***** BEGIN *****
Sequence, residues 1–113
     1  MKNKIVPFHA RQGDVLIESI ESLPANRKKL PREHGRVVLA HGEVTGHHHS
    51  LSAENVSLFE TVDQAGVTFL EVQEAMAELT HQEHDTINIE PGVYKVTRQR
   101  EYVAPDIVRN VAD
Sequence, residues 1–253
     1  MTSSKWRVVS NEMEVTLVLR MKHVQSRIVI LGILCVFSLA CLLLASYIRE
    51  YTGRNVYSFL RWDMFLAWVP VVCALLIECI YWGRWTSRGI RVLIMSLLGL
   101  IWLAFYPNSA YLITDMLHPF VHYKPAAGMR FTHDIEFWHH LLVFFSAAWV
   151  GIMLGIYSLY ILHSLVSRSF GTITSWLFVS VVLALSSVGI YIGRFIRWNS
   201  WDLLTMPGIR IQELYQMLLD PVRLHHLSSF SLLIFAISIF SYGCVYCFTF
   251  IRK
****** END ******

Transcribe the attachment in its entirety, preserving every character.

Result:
Sequence, residues 1–113
     1  MKNKIVPFHA RQGDVLIESI ESLPANRKKL PREHGRVVLA HGEVTGHHHS
    51  LSAENVSLFE TVDQAGVTFL EVQEAMAELT HQEHDTINIE PGVYKVTRQR
   101  EYVAPDIVRN VAD
Sequence, residues 1–253
     1  MTSSKWRVVS NEMEVTLVLR MKHVQSRIVI LGILCVFSLA CLLLASYIRE
    51  YTGRNVYSFL RWDMFLAWVP VVCALLIECI YWGRWTSRGI RVLIMSLLGL
   101  IWLAFYPNSA YLITDMLHPF VHYKPAAGMR FTHDIEFWHH LLVFFSAAWV
   151  GIMLGIYSLY ILHSLVSRSF GTITSWLFVS VVLALSSVGI YIGRFIRWNS
   201  WDLLTMPGIR IQELYQMLLD PVRLHHLSSF SLLIFAISIF SYGCVYCFTF
   251  IRK